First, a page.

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Full-Text Articles in Law

Undercover Other, Angela Onwuachi-Willig May 2006

Undercover Other, Angela Onwuachi-Willig

Faculty Scholarship

This Essay argues in favor of legally recognizing same-sex marriages by exploring the similarities in passing between members of same-sex marriages/relationships and interracial marriages/relationships. Specifically, this Essay unpacks the claim that the ability of gays and lesbians to pass as heterosexual distinguishes the ban on same-sex marriages from former bans on interracial marriages. Part I of this Essay first describes policy-based critiques of a Loving-based argument for legalizing same-sex marriage, or as one scholar has coined, of playing the Loving card by analogizing the racism that motivated anti-miscegenation statues that the Supreme Court struck down in 1967 to the anti-gay …


Fielding A Team For The Fans: The Societal Consequences And Title Vii Implications Of Race-Considered Roster Construction In Professional Sport, N. Jeremi Duru Jan 2006

Fielding A Team For The Fans: The Societal Consequences And Title Vii Implications Of Race-Considered Roster Construction In Professional Sport, N. Jeremi Duru

Articles in Law Reviews & Other Academic Journals

Professional sports organizations' relationships with their players are, like other employer-employee relationships, subject to scrutiny under the antidiscrimination mandates embedded in Title VII of the Civil Rights Act of 1964. Professional sports organizations are, however, unique among employers in many respects. Most notably, unlike other employers, professional sports organizations attract avid supporters who identify deeply with the teams and their players. To the extent an organization racially discriminates, therefore, such discrimination creates the risk that fans will identify with the homogenous or racially disproportionate roster that results. The consequences of such race-based team identification are wide-reaching and potentially tragic. Through …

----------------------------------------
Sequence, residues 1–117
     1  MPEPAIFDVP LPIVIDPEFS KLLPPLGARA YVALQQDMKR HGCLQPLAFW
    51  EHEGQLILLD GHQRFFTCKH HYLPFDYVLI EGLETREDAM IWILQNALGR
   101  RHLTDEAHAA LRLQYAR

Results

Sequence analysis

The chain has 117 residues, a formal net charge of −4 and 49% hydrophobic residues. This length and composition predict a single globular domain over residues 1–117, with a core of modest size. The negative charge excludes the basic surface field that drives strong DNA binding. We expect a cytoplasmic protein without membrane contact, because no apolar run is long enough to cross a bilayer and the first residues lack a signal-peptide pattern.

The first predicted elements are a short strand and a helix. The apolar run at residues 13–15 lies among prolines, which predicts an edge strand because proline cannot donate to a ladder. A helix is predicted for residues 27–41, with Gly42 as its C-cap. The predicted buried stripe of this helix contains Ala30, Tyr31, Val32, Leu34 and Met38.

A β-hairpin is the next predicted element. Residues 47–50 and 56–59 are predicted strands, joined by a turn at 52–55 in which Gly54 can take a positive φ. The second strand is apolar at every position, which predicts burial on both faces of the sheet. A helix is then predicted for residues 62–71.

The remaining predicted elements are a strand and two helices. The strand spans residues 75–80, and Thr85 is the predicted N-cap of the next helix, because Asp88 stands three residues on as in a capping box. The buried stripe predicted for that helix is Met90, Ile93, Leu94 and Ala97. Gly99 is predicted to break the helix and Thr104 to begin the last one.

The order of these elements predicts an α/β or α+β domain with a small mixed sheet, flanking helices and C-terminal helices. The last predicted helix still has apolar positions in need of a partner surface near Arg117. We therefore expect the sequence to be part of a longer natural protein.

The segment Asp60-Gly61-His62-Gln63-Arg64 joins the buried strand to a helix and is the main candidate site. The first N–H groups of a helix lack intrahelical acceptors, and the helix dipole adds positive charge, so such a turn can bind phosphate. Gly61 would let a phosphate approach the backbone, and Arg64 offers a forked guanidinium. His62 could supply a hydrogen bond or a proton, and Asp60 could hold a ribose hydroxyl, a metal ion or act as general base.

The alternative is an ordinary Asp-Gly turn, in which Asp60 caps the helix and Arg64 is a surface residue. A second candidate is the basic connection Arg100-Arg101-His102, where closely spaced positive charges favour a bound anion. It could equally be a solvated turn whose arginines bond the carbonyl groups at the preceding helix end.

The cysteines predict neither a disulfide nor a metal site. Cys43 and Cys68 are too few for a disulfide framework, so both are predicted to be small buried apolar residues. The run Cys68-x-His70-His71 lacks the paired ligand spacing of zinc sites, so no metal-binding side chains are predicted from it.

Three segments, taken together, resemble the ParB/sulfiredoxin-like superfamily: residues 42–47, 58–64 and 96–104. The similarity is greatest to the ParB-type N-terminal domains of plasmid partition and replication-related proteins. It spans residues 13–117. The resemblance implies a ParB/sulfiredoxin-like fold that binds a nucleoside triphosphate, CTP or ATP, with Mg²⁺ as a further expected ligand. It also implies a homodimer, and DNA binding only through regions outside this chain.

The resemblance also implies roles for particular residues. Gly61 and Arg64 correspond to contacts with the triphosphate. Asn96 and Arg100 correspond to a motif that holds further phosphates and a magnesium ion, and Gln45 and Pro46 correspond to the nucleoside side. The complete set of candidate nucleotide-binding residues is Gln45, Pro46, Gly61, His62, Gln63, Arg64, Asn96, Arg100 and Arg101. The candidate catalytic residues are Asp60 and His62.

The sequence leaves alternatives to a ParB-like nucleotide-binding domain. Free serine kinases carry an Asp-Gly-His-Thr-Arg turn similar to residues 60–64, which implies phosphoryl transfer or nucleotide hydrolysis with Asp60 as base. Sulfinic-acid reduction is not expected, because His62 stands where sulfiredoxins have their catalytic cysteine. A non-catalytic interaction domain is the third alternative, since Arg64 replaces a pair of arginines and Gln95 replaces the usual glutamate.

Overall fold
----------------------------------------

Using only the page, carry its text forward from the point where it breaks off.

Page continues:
Seeking Different Treatment, Or Seeking The Same Regard: Remarketing The Transracial Adoption Debate, Angela Mae Kupenda Jan 2006

Seeking Different Treatment, Or Seeking The Same Regard: Remarketing The Transracial Adoption Debate, Angela Mae Kupenda

Journal Articles

The transracial adoption discourse mistakenly has been phrased as a request for black children awaiting adoption to be treated different from white children and to be placed with parents of like race only. This paper urges a remarketing of the transracial adoption debate to reflect a request based on sameness, not difference. The request presented here is not a request for different treatment for black children. Rather, it is for black children to be given the same regard that is given to white children. This request is illustrated with the story of a black couple seeking to adopt healthy, fat …


Mestizaje And The Mexican Mestizo Self: No Hay Sangre Negra, So There Is No Blackness, Taunya Lovell Banks Jan 2006

Mestizaje And The Mexican Mestizo Self: No Hay Sangre Negra, So There Is No Blackness, Taunya Lovell Banks

Faculty Scholarship